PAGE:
The air was humid from the collective sweat of dancers in the Goodland Hotel’s Rincon Ballroom on Tuesday, April 21. Contrary to the title “ballroom,” the floor was packed with young people breakdancing, gyrating and all around getting loose for the almost-legendary deep house DJ, Duke Dumont.
The event drew in eager fans from all over Santa Barbara and neighboring counties, and it sold out months in advance. It offered a rare chance to see Dumont live, fresh out of Indio from the previous weekend’s Coachella festivities, where he played to a packed Sahara Tent.
This was admittedly a huge change in scenery, and the offputtingly odd venue for techno music and strobe lights brought out some comical anxiety from the swank hotel’s staff, who had security tables lined up right at the entrance and made an active effort to separate music fans from hotel guests. Even the show’s promoters, Red Eye Presents, took to Facebook to warn anyone “Going” that “This is not Beyond Wonderland” and rave behavior would not be tolerated; fortunately their concerns were unfounded.
DJ Mackle of ska/rock group Rebelution opened the night and did a decent job of keeping the crowd active, although not invested. To be fair, opening for the particular fine-tuned and groovy sounds of Sir Duke is not an easy gig.
Later, however, drenched dancers would learn to appreciate and yearn for the spaciousness of the dance-floor during DJ Mackle’s set that quickly diminished once a second figure emerged from the stage’s shadows.
Just past 11 p.m., Duke Dumont was welcomed by a unanimous cheer. The two disc jockeys spun together for a short while until Dumont eventually took control and officially began his set.
Despite the excitement, Dumont didn’t exactly begin on a high note. The beginning of his set saw some hostile vibes — through little fault of his own or his music selection. Rather, two brief power outages eventually drew a round of booing from frustrated fans. The booing incited pleas from the DJ to “Be patient friends,” executed in his signature British accent.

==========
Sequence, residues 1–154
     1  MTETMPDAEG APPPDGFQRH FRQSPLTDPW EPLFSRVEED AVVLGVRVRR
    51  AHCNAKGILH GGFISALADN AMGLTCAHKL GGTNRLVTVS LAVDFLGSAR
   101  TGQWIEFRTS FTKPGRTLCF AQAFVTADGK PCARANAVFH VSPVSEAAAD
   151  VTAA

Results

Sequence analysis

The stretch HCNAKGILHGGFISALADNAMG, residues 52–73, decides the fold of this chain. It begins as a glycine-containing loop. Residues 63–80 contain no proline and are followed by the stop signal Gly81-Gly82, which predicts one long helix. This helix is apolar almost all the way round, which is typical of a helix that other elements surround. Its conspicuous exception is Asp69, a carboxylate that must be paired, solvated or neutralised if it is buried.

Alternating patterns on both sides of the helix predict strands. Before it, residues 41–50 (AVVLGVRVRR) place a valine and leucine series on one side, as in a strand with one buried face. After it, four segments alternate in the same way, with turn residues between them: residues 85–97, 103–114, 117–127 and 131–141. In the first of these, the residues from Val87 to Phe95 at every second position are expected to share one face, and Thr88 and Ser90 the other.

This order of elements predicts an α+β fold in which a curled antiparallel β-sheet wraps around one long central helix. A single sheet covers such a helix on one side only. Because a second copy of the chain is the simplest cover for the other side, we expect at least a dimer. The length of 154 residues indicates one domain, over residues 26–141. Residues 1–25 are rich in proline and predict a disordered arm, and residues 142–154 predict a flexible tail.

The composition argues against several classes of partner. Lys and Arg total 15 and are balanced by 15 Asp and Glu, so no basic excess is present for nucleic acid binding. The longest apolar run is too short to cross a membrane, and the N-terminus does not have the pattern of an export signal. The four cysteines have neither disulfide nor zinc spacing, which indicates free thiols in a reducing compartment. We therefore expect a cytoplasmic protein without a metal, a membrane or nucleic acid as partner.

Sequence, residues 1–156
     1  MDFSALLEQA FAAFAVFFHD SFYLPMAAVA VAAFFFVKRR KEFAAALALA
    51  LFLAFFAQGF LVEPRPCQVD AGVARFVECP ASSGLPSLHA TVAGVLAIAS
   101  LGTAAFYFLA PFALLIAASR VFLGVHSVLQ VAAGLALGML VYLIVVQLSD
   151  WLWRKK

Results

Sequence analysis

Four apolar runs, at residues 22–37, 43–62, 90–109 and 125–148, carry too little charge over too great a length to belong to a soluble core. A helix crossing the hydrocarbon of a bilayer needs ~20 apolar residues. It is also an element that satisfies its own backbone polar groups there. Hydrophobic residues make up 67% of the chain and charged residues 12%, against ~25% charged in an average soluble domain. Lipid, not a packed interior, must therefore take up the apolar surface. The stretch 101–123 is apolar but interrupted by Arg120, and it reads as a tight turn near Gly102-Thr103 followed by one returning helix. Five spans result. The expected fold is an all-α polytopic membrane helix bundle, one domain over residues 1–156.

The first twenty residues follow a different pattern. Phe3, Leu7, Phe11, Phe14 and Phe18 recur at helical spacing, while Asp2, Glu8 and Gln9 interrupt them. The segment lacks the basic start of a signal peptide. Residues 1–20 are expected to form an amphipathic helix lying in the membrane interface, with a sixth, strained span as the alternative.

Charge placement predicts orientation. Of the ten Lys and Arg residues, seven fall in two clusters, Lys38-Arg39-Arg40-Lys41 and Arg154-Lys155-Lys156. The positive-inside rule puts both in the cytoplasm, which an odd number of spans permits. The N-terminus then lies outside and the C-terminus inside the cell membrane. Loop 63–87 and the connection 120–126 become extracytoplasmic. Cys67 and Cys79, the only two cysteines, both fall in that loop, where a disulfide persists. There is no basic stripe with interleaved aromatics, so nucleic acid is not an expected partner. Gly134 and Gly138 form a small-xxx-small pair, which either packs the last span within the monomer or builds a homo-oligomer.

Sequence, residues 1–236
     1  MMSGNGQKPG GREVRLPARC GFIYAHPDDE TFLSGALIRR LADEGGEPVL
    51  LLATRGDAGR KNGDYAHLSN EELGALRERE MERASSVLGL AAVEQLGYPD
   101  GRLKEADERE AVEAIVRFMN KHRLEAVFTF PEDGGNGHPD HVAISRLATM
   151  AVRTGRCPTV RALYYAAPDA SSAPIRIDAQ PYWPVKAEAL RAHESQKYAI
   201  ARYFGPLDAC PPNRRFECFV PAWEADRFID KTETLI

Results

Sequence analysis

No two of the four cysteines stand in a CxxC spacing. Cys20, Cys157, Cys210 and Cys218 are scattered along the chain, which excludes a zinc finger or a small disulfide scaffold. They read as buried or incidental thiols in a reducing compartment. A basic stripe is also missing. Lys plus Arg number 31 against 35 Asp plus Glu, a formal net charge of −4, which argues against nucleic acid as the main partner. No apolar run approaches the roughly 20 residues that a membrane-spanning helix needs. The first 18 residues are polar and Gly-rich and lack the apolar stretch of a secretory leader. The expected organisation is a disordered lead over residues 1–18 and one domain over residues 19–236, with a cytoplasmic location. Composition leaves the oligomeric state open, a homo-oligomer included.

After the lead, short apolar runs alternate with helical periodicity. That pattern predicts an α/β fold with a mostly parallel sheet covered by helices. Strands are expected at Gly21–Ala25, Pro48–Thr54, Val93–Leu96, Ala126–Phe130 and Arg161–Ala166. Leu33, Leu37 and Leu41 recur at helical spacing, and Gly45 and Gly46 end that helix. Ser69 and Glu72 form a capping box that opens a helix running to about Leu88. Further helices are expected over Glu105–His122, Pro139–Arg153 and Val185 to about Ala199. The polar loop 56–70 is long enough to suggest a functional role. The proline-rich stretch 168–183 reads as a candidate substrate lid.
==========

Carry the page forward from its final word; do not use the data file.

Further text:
Minutes after the technical conflict subsided, the instance was soon forgotten. After all, live music is all about the now.
Dumont began to showcase his talent for mixing thumping beats and fluid tunes, and never gave a dull moment. He dropped obvious crowd pleasers such as “The Giver” and “Need U 100%” in between familiar rhythms.
The night attracted a refreshing audience, lacking the rough behaviors often typical of passionate music lovers such as shoving and moshing. In their place was the compacted and frenzied energy given off by a group of individuals who seemed to wholly appreciate the artist they were seeing and allow themselves to be taken by his music. A subtle display was formed of the peace, love, unity and respect electronic music has garnered a reputation for eliciting.
For all intents and purposes, the potentially fancy Rincon Ballroom seemed to transform into a tiny sweat-filled techno warehouse. The passion was there from both artist and fans: the essential dichotomy of good live music. Those who were fortunate enough to catch ticket sales got to be in on a delightfully rare moment where the energy in a room is in perfect musical harmony.